‘In the pantheon of composers, I stand nowhere’

The quote is from the admirably grounded Karl Jenkins in his new autobiography, Still with the Music (p. 223).

This morning Karl, 71, became the first Welsh-born composer ever to receive a knighthood.

Arise, Sir Karl.


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    • I had never heard of this composer or heard his music. I listened to a couple of things on YouTube and they sound like pop-crossover music at about its worst. It’s not that I don’t like this music; it’s that I find it profoundly depressing.

      • Have to agree. It’s a bit like (inadvertently) hearing David Gray wailing away on BBC Radio : “Music to commit suicide to”, as someone once described it.

        Apropos Jenkins, his modesty is, however, commendable. It reminds me of Richard Strauss’s comment to the effect that “I may not be a first rank composer, but I am a first rate composer of the second rank”. (Not that I agree with the creator of Salome and Elektra and Rosenkavalier’s self-estimation, as in my view he was firmly of the first rank.)

      • Of course they are real, serious composers – but incomparably more talented that this Mr Jenkins, who rightly does not make any claims.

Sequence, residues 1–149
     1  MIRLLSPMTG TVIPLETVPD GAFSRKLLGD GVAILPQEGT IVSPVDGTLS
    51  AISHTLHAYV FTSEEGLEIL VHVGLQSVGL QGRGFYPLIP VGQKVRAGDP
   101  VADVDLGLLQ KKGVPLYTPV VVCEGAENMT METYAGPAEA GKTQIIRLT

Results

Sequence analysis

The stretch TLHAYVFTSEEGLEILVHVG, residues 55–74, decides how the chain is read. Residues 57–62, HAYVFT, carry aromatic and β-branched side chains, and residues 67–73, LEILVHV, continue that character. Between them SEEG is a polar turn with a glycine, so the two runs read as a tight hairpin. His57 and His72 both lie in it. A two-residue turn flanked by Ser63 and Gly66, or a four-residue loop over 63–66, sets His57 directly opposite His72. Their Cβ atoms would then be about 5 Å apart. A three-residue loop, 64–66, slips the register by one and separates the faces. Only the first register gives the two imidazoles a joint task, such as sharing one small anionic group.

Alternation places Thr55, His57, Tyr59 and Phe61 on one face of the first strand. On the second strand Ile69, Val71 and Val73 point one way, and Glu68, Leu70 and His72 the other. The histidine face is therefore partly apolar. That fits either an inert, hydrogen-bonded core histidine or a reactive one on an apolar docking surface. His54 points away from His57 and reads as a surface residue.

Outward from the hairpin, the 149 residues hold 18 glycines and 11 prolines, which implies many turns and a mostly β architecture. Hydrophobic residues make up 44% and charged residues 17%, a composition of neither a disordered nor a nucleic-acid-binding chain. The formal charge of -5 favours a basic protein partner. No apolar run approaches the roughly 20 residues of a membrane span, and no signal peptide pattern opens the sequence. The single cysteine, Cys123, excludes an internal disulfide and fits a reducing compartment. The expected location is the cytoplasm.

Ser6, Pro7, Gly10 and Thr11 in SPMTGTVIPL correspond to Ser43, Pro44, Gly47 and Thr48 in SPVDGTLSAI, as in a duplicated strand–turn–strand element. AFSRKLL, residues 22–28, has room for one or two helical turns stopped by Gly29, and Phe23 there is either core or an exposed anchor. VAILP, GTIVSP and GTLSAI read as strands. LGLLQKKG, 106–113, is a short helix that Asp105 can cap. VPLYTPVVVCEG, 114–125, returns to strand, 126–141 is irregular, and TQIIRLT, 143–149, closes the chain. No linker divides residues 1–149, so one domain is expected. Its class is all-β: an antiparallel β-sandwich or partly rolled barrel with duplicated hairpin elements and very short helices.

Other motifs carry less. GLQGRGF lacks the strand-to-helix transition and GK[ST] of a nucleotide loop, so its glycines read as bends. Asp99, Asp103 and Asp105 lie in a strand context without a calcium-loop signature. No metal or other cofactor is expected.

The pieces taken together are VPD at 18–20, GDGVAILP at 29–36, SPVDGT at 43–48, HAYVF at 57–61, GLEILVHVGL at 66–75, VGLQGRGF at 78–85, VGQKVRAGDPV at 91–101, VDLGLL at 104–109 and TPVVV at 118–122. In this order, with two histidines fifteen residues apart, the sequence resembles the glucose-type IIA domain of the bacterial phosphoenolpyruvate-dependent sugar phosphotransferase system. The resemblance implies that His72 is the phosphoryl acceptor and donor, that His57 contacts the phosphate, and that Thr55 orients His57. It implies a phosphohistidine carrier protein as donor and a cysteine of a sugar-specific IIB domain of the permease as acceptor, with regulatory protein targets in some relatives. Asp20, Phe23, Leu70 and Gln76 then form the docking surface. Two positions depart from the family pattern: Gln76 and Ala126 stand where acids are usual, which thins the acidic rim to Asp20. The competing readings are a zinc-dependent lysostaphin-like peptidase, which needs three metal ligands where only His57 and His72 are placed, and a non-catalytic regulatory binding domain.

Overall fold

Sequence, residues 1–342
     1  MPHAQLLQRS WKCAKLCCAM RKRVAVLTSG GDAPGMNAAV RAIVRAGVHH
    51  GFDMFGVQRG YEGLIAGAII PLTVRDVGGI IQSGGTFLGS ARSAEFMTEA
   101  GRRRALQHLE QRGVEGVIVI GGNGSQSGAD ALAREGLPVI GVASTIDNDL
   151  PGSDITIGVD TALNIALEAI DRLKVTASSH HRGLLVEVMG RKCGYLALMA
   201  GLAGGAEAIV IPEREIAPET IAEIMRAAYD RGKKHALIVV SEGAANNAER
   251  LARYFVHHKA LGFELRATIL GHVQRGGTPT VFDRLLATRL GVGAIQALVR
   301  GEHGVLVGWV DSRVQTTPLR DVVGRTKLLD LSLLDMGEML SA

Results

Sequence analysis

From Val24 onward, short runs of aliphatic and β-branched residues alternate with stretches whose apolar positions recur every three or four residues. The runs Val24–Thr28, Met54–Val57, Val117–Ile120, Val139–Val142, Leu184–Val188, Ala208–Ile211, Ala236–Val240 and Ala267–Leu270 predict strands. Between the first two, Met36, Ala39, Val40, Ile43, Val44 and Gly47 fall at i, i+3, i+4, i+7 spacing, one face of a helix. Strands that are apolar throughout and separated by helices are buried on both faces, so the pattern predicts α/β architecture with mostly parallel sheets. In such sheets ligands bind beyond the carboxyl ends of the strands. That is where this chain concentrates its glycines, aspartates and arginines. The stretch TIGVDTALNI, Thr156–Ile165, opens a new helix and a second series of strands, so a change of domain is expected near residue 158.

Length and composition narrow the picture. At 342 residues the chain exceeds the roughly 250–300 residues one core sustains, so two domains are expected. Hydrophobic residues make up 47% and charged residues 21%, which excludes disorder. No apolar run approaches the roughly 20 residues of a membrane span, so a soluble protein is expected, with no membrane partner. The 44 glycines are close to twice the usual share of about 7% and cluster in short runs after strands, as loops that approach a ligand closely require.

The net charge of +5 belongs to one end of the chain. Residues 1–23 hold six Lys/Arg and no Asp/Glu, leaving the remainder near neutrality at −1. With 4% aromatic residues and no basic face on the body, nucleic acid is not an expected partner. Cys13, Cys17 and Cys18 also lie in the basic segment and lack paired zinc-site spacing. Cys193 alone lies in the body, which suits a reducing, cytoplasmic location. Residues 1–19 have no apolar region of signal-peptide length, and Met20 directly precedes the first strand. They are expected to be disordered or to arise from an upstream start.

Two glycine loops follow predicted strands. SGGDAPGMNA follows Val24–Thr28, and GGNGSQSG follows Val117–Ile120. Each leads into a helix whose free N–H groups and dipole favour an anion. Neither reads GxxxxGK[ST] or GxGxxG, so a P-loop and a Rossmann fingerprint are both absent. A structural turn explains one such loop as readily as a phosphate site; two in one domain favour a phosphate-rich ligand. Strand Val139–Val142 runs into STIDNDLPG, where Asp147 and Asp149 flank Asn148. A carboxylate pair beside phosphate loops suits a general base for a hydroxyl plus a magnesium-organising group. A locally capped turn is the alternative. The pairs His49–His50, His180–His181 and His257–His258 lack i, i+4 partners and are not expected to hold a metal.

• Gershwin and Prokofiev are just two examples of “pop” (Gershwin) or “movie” (both) or “crossover” (Gershwin again) composers in the pantheon.

          I have no opinion about Mr. Jenkins.

  • Sir Karl does not write ‘pop-, film- and cross-over-music.’
    He writes classical music that communicates powerfully and especially to people who maybe think that they ‘don’t like’ classical music.

    • Give it up, Will. Leave them to their Boulez and Xenakis. Jenkins is not ground-breaking in my (admittedly limited) experience. But I wouldn’t walk out of a hall.

    • What, precisely, does it “communicate” powerfully?

      What you really mean is some people like to have it playing in the background while they are doing something else.

    • He does not write ‘classical music’. Anybody, even only superficially experienced in listening to classical music, will spot that immediately. It is music for people who find Mozart ‘too difficult’. Nothing wrong with it, but if labelled ‘classical music’ it will hinder potential new audiences ever to come to serious concerts.

    • Amusing that there are people thinking that the only choice in new music is: either Boulezbian inquisition or lukewarm limonade music, something like eating either gravel or mud.

  • I don’t know whether Alun Hoddinott was ever knighted, but he was Welsh and a very interesting composer that deserves to be performed more often. I don’t know if he’s ever played in Britain, but he certainly isn’t on “the Continent” (sorry! I almost said Europe).

  • ==the first Welsh-born composer ever to receive a knighthood

    No – not true.

    The actor Sir Anthony Hopkins has written a couple of really good film scores.
    Because they are also released on CD so I think he counts as a composer.

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